This may include egregiously inappropriate behaviors like striking an employee or ordering an employee to work in an area that has been declared – or that is obviously – unsafe.

WHAT ABOUT AN EMPLOYER’S HIRING PRACTICES?

An employer has a duty of “reasonable care” to protect employees, as far as reasonably possible, from potentially dangerous individuals.

Let’s say that your employer is negligent regarding background checks and hires someone with a history of violence and criminal convictions. If that person commits workplace violence that injures you, the employer could be held accountable for negligent hiring or negligent retention.

What’s imperative is speaking with an attorney at once if you have been injured by workplace violence. You’re reading a general overview of workplace violence, but every case is unique and will require the insights and advice of an employment or personal injury lawyer.

WHO COMMITS WORKPLACE VIOLENCE?

The fact is that most workplace violence is not committed by employees or ex-employees but by non-employees like robbers and stalkers. If you work for a business where you meet the public, you are at risk for this kind of violence.

In California, if you are injured at your place of work by a non-employee, speak at once with a skilled employment rights attorney.

While you have the right to sue someone who injures you, the fact is that robbers and stalkers usually have little in the way of resources, and whatever resources they have will probably be used for their criminal defense.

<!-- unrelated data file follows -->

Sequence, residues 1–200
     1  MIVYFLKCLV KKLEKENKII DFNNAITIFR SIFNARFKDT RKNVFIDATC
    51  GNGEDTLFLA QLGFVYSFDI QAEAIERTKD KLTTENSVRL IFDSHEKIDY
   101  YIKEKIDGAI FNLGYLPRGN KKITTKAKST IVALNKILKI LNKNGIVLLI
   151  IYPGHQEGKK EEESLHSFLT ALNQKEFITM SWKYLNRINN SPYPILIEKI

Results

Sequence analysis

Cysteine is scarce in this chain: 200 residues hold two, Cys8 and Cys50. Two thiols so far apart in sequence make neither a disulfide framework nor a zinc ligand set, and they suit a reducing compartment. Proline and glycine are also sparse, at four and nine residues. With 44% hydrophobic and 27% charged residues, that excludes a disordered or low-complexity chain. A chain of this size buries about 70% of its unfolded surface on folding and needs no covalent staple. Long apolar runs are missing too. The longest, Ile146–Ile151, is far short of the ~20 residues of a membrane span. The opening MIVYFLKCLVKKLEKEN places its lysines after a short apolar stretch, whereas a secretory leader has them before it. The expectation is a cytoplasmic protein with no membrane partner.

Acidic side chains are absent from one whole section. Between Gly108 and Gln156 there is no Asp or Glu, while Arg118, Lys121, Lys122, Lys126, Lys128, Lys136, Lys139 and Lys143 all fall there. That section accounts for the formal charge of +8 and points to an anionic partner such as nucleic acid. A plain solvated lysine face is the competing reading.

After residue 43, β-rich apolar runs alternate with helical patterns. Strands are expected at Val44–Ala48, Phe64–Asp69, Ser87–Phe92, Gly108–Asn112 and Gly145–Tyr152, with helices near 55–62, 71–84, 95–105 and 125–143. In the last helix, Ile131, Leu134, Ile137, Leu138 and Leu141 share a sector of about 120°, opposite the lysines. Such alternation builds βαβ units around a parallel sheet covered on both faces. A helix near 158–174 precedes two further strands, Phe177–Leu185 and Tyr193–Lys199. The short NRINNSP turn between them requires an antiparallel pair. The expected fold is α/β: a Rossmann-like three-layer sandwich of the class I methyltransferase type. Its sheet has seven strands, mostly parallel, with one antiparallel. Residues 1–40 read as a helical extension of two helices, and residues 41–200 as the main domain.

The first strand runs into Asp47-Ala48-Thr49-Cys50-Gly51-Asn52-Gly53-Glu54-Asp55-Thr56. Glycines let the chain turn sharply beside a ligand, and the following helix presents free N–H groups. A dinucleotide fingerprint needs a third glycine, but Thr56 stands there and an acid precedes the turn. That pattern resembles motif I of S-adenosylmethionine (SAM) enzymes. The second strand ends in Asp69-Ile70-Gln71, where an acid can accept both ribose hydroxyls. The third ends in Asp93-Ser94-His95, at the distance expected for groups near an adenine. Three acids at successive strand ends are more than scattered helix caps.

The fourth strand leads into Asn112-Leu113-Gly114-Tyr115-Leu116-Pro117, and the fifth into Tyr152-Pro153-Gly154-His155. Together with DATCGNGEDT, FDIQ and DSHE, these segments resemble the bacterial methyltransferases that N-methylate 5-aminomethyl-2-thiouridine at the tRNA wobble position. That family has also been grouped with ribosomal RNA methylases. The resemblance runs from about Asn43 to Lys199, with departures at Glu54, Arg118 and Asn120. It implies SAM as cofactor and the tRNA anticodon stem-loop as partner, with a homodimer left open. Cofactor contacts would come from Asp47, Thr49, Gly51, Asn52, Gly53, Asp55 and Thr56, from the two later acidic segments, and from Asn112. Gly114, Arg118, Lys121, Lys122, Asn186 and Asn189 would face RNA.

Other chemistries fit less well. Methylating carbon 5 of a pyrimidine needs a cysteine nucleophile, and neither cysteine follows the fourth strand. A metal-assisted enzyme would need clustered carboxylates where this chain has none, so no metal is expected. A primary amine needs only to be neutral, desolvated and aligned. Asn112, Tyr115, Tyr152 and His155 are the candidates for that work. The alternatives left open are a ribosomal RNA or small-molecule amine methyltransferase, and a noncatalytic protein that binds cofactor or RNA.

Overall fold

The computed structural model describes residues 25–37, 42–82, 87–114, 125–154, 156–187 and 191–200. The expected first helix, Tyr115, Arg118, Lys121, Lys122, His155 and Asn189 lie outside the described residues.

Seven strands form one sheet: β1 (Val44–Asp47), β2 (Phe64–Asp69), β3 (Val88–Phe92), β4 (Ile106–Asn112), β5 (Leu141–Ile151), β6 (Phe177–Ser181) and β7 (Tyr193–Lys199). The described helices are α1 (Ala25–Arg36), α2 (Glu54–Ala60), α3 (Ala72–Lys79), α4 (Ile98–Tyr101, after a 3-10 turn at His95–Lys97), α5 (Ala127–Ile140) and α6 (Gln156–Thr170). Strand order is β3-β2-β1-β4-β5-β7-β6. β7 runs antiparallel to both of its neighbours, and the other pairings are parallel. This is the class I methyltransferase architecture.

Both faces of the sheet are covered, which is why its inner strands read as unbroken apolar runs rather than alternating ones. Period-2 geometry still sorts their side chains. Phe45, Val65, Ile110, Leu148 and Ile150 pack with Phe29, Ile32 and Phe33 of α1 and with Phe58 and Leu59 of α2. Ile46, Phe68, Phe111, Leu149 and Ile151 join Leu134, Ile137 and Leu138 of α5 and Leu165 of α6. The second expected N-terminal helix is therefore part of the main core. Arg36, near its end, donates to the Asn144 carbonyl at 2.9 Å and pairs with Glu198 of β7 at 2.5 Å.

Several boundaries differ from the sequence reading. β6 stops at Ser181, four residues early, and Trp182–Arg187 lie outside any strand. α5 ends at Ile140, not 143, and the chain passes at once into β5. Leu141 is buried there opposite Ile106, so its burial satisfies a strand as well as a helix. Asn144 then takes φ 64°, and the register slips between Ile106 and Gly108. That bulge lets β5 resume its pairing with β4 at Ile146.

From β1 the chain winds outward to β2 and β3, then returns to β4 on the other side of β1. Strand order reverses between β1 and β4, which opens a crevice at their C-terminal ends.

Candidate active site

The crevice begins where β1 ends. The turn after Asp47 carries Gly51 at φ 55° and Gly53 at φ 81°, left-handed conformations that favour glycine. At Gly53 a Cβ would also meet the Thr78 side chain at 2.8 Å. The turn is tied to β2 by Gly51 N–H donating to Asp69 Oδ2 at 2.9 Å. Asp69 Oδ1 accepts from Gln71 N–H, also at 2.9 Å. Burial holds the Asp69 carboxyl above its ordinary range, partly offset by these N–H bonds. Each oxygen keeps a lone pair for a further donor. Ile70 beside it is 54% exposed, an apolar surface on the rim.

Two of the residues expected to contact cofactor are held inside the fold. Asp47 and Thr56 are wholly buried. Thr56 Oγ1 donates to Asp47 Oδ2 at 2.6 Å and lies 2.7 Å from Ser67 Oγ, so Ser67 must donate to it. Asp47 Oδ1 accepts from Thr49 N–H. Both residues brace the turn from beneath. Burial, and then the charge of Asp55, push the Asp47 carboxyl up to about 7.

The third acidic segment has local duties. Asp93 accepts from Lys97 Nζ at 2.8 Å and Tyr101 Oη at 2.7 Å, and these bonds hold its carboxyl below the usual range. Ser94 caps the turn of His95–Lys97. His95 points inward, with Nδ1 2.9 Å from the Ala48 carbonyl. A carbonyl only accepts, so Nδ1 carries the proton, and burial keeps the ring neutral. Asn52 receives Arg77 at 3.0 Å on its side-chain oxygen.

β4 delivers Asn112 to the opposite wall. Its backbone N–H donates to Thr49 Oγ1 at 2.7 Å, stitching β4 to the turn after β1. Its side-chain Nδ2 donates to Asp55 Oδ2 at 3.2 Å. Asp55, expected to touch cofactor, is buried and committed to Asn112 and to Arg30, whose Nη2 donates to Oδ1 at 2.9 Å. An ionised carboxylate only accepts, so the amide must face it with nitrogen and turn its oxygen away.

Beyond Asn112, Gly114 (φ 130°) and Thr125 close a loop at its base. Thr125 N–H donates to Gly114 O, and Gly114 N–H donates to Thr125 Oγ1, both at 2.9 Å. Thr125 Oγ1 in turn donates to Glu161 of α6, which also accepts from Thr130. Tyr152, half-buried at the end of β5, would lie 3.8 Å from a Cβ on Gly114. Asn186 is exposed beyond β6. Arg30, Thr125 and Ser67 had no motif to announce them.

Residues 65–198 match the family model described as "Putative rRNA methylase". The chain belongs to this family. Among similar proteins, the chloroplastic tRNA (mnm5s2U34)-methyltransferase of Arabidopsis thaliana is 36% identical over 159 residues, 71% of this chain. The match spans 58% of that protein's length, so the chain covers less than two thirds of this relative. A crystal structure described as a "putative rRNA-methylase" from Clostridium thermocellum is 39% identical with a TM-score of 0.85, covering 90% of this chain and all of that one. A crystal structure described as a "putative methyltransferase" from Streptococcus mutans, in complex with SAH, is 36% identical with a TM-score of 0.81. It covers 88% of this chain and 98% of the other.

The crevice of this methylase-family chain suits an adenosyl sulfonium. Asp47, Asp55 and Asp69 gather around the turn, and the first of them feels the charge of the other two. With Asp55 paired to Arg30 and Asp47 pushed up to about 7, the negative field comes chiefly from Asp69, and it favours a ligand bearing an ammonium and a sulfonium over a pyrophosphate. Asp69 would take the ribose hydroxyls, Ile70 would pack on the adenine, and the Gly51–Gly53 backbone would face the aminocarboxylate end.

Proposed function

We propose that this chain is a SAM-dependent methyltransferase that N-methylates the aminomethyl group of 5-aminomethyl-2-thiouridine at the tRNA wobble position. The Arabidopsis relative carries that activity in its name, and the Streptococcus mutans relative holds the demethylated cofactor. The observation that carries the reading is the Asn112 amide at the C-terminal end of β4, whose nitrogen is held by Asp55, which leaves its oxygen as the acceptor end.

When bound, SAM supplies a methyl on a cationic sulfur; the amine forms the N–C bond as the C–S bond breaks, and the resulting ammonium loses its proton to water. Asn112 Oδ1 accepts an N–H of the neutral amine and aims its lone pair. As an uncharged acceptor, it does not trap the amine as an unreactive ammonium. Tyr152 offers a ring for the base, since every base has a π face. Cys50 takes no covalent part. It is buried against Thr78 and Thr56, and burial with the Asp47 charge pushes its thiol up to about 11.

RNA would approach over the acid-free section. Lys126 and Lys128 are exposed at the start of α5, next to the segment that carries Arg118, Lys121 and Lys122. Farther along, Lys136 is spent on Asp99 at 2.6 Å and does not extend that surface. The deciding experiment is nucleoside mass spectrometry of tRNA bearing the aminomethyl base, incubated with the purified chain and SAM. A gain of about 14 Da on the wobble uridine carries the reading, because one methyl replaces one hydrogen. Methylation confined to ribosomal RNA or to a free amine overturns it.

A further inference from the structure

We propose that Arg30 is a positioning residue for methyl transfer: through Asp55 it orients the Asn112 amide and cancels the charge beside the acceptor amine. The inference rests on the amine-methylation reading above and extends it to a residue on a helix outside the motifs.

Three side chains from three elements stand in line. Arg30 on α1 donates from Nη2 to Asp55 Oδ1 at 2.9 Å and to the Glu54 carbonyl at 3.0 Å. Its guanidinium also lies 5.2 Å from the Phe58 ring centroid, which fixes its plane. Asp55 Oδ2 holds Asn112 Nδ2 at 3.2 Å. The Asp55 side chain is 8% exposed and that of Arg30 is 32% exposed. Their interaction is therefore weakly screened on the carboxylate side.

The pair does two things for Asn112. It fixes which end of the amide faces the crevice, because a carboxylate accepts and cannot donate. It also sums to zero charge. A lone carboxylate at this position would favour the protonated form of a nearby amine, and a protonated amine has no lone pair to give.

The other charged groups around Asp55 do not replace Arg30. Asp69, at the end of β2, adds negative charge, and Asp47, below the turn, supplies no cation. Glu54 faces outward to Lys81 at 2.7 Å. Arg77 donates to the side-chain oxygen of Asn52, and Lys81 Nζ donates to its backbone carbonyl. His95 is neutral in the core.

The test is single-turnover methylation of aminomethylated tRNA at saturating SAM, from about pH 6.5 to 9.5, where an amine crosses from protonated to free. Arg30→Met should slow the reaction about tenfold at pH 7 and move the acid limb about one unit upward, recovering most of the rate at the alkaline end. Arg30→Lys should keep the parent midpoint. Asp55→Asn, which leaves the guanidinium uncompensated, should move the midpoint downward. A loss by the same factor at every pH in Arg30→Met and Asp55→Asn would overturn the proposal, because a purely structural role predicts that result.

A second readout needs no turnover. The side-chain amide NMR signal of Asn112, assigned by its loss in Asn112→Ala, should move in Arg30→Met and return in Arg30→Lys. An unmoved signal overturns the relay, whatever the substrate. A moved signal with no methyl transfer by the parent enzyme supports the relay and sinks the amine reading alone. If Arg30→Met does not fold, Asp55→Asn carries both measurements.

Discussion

A personal injury or employment rights attorney can help you determine what legal steps you should take in these cases.

HOW ARE EMPLOYERS RESPONDING TO WORKPLACE VIOLENCE?

Many California employers have recognized the necessity of addressing workplace violence and have established policies that require employee training in workplace violence response, conducting mock training exercises, and adopting an emergency action plan.

An emergency response plan should clearly and directly tell workers how to react to an incident of workplace violence. Unfortunately, some California employers still have no plan in place, or their plan is outdated and needs to address a wider variety of threats.

There is no way to know when workplace violence is going to happen. Especially if employees meet the public, they should be trained to be vigilant, alert, and prepared.

Employers may need to consult with security experts to create an emergency action plan. There’s no reason to think that workplace violence is going to decrease or go away anytime soon.

Some employers may need to consult with an employment rights lawyer to understand what steps are necessary.

IF YOU ARE INJURED ON THE JOB, HOW CAN AN ATTORNEY HELP?

If you are injured by violence at your own place of work, discuss your options with a qualified personal injury or employment attorney. Your attorney will help you determine who is legally accountable for your injuries and what legal steps you should take.

Work is a basic part of life. It’s the way we care for ourselves and the people we love. If you are injured by violence in the workplace, let an attorney help you fight for the justice you deserve. That is your right.

By: Fred Geonetta

Frederick J. Geonetta is a graduate of the University of California, Hastings College of Law. His legal practice is entirely devoted to litigation. Mr. Geonetta has spent the past 25 years in private practice representing both plaintiffs and defendants who have been harmed or wronged by the actions of others or who have been falsely accused of causing harm to others. He represents clients across the U.S. and international clients who seek U.S. legal advice or representation.